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When to Replace Skateboard Bearings – Prevent Nasty Falls

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Squeaky noises, wheels that don’t spin for longer than a few seconds and pushing like a madman in your local skatepark. These are all signs that our skateboard bearings are on their last legs.

So when should you replace your bearings? Replace your bearings when they don’t spin after cleaning and relubing. Immediately replace them when bearing shields and or ball bearings are missing to prevent them from blocking and causing accidents.

You might still be able to save them though. Proper maintenance and cleaning them can save you a few bucks to here’s what you should do before you go buy a new set.

broken skateboard bearing

How Long Do Skateboard Bearings Last?

In general bearings last between 3 months and a year. Skateboarding in wet conditions will decrease the lifespan, and high impact skateboarding futher reduces durability.

How long skateboard bearings last depends entirely on a couple of factors:

  • The quality of the bearings
  • How often you skate
  • The environment you skate (wet, dry, dusty)
  • The amount and severness of impacts

Why replacing bearings is important

Once your bearings start to degrade pushing will take a lot more effort. It can mean the difference between nailing a trick or bailing.

The most important thing to keep in mind is that faulty bearings can be dangerous. If a shield bearing comes off and your bearing shift this can block your wheels and cause a nasty fall.

It can also damage your wheel because of sharp metal shrapnel piercing the core. Bearings aren’t that expensive but having to replace a set of wheels and bearings can be pricey.

Unfortunately, you can’t buy bearings individually, you have to get a whole new set. Ask around if someone has a spare in case you only need one replaced. Saves you 20 bucks.

old rusty skateboard bearings

How to make skateboard bearings last longer

The number one mistake people make is skating in wet conditions or skating in the rain. Moist is devastating to bearings and causes them to rust.

It’s not just rust, water is bad for the silicon lube that keeps your bearings spinning. Once the lube devolves friction will increase and this means your bearings will wear down.

bronson vs bones reds bearings

Another problem is dust and sand. If you live in an environment with lots of dust (due to cold and heat) your bearings will run down faster.

Dirt and dust will get into your bearings and stick to the silicone lube. The bearing balls don’t particularly like dirt and will cause a lot of stress to the inner rings of a bearing. When you live in environments like this, you need to clean your bearings a lot more often.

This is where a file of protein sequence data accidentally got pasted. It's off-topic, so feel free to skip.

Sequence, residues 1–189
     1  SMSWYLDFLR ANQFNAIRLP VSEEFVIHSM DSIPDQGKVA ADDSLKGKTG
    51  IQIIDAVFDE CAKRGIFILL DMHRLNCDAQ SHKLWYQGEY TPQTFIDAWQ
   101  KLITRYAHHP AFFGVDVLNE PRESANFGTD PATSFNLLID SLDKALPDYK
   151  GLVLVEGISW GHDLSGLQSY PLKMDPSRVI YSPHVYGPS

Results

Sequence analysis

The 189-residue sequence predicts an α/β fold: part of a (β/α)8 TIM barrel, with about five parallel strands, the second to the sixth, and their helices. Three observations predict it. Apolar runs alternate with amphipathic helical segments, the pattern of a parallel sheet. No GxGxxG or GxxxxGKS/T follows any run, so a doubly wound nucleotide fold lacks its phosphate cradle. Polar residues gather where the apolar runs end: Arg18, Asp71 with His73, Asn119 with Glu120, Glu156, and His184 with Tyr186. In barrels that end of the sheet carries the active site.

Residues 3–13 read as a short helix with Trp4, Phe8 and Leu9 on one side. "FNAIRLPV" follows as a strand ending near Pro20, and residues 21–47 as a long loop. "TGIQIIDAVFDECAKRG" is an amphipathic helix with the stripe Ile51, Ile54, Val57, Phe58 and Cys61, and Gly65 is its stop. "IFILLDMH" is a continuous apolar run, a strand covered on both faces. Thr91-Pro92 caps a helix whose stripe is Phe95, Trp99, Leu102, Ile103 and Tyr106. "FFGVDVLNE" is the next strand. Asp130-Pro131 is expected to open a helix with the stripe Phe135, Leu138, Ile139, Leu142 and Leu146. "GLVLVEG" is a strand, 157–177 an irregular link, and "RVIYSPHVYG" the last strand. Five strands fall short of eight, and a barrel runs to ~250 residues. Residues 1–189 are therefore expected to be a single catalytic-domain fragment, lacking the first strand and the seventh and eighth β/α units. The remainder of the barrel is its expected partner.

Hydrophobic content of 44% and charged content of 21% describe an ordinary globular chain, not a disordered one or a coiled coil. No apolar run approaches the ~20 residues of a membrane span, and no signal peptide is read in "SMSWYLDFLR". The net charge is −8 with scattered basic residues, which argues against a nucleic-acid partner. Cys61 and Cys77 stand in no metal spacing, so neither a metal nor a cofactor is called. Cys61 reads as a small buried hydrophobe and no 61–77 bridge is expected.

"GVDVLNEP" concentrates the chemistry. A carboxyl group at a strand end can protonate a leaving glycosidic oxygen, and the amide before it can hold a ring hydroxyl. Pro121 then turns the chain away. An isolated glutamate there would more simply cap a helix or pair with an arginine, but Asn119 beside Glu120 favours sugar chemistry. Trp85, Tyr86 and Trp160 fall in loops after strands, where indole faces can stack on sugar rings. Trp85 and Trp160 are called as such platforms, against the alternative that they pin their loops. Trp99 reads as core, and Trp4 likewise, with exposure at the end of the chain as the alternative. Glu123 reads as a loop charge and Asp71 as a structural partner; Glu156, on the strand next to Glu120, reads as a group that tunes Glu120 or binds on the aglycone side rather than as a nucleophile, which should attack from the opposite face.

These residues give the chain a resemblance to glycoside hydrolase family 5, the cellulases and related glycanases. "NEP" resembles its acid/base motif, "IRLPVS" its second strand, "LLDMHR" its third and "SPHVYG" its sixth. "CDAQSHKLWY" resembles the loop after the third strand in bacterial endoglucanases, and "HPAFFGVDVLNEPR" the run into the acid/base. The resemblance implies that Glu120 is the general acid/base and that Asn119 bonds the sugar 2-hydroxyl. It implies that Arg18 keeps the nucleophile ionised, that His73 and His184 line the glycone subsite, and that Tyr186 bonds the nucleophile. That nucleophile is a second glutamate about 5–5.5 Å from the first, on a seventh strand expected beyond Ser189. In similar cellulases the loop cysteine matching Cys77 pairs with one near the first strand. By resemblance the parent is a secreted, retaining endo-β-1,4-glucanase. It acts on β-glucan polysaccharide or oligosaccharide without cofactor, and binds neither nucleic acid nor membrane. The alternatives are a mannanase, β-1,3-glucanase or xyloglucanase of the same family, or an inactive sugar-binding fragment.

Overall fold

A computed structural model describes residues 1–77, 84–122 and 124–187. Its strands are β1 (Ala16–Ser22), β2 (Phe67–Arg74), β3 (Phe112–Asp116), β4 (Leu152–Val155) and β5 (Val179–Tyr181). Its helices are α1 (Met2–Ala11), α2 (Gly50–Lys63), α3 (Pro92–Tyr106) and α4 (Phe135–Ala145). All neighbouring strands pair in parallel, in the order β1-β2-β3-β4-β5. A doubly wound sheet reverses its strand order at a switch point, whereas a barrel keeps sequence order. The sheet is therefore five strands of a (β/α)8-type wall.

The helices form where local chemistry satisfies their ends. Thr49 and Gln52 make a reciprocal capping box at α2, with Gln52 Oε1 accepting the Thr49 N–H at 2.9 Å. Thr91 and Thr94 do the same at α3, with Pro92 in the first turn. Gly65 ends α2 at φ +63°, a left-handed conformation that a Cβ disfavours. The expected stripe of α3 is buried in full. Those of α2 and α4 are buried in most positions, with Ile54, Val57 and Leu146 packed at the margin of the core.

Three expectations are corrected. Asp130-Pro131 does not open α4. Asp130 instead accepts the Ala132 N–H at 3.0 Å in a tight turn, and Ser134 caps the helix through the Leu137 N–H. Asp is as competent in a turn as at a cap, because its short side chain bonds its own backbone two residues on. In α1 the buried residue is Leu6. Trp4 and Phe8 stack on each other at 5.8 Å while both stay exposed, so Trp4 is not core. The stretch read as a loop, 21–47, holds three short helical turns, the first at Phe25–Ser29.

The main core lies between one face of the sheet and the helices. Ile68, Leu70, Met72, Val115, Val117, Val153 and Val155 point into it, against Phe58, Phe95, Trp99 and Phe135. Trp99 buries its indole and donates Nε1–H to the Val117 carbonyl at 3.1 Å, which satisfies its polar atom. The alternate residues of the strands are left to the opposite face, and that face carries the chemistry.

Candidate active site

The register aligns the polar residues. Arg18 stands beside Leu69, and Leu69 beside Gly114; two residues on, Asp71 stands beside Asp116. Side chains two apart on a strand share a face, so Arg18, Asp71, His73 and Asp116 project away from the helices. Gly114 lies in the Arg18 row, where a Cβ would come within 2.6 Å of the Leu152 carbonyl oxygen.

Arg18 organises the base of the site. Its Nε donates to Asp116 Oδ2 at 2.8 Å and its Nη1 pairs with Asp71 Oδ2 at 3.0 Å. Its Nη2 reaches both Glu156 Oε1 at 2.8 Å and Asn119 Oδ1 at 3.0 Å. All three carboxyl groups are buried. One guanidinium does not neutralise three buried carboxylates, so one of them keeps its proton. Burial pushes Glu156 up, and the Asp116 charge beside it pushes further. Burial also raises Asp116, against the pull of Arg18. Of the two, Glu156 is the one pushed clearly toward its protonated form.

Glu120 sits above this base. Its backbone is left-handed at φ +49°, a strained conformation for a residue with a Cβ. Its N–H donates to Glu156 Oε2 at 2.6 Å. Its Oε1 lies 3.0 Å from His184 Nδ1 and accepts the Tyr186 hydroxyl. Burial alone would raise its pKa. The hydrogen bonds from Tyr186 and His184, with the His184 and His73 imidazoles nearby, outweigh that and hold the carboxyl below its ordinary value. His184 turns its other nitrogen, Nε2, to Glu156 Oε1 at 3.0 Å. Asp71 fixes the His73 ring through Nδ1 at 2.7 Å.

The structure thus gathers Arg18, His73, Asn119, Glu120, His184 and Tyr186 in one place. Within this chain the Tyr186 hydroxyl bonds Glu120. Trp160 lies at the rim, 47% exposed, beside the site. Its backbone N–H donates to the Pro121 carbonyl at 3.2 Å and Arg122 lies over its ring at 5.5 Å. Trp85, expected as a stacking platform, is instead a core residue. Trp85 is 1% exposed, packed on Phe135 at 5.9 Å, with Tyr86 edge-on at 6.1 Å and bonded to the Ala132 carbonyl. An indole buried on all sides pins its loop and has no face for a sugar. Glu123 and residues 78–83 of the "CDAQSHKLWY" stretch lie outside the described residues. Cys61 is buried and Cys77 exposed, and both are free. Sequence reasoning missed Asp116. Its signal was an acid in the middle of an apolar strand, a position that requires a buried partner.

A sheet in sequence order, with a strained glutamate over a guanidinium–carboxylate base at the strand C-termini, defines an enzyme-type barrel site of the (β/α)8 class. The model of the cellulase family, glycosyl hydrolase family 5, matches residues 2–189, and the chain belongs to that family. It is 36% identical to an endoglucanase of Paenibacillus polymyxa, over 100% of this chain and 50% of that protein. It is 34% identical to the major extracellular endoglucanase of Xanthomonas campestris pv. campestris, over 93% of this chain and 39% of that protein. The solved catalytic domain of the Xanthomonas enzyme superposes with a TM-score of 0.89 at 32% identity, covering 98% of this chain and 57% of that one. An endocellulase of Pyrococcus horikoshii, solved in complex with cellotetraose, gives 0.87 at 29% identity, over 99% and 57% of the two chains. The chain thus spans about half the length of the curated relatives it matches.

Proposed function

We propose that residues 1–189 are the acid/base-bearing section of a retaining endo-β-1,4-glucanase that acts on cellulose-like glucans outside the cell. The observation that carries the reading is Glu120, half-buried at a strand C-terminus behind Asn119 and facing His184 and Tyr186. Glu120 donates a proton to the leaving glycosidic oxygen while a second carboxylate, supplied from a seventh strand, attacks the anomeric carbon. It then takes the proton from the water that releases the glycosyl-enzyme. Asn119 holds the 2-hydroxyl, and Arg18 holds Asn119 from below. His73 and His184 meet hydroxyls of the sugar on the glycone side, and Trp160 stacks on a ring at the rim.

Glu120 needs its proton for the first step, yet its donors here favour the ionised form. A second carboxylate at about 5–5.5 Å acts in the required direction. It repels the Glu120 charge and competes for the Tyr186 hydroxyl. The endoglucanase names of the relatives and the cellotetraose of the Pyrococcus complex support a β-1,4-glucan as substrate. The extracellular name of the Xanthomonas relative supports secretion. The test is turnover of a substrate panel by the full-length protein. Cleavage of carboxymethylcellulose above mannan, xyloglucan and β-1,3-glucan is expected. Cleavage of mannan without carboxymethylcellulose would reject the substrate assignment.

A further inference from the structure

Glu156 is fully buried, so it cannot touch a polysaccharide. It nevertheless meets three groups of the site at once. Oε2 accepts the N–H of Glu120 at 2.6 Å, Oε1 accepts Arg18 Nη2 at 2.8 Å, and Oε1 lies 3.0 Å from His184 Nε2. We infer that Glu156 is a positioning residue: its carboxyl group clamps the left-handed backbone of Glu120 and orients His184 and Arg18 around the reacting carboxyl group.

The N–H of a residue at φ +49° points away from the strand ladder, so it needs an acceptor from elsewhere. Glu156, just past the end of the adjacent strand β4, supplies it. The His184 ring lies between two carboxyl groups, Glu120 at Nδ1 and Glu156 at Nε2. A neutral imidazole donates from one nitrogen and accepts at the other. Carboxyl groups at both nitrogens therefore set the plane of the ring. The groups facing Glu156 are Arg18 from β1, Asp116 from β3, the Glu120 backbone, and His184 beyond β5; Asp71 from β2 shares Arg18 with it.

How to maintain and clean bearings

It’s easy to clean your bearings, be prepared to get your hands dirty. Also I used to relube my bearings with oil but later learned this isn’t the best idea. Dirt will stick to oil more than silicon lube so try to avoid using anything like the olive oil that you use to bake your potatoes.

Also, keep in mind that once you cleaned your bearings you have to keep cleaning them regularly, preferably every 3 months if you skate all year. Skateboard maintenance is often overlooked but can save you quite some money.

Never apply oil on dirty bearings to make them spin faster. This is counterproductive and will push the existing dust and dirt deeper into your bearings. At first it might seem like the spin faster but it will ruin the performance in the end (been there).

Let’s see what you need fist before you start cleaning your bearings.

You will need:

  • A razor blade (to pop off the shield bearings) or rubber shield (depends on bearing type_
  • Nail polish remover or acetone or isopropyl alcohol
  • A cup or plate to soak your bearings in
  • Tissues or paper towel
  • Bones speed cream
  • Skate tool

Step 1. Remove the bearings

Remove the nut and speed rings from the axles of your trucks. Once the wheels comes off either use a skate tool to pop them out or use your truck axle as a lever. Getting them to pop out is easy and shouldn’t take much strength.

Make sure to put away the nuts and speedings safely and try to keep in mind on which axle they go, same goes for your wheels.

If you have metal shields bearings make sure to remove them using a razor blade or something that can get between. Rubber shields are a lot easier to remove.

Step 2. Soak the bearings in a cup

I recommend using a metal or plastic cup or jar, fill it with your cleaning solution of choice and let your bearings swim. Ideally, if you have a jar with a lid you can stir them a bit the get the dirt out. Depending on how dirty your bearings are, you might have to repeat this process.

Step 3. Dry your bearings

Wrap your bearings in an old towel or anything that’s available and give them a good shake. If you see a lot of dirt you might still want to repeat step 2 and clean them again.

Shaking will remove the cleaning solution and the remaining dirt. Once you think you’re done lay them on a few paper tissues and leave them to dry for an hour or so.

Step 4. Lube your bearings

Now that you’ve (hopefully) successfully cleaned your skateboard bearings it’s time to use some Bones speed cream or other silicone lubrication if you have any lying around. Don’t put too much lube on your bearings a drop or two is fine.

Bones speed cream

Remember if you use oil your bearings are going to get dirty faster, it’s possible but it will require more maintenance in the end. Check out the top skateboard bearings we tested, to our surprise cheaper bearings performed just as good as expensive bearings!

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